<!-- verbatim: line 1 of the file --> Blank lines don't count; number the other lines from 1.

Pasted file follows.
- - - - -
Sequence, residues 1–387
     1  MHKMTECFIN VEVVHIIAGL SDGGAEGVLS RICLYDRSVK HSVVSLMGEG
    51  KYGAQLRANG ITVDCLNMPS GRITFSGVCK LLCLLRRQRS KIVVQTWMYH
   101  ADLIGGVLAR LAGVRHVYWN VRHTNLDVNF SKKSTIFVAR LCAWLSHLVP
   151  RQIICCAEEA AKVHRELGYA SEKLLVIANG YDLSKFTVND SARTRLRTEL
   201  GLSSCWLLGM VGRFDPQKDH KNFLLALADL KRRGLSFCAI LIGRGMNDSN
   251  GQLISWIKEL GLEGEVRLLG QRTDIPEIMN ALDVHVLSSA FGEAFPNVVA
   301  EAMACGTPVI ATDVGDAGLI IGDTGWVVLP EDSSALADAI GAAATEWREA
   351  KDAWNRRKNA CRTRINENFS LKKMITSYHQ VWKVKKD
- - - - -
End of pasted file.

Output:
Sequence, residues 1–387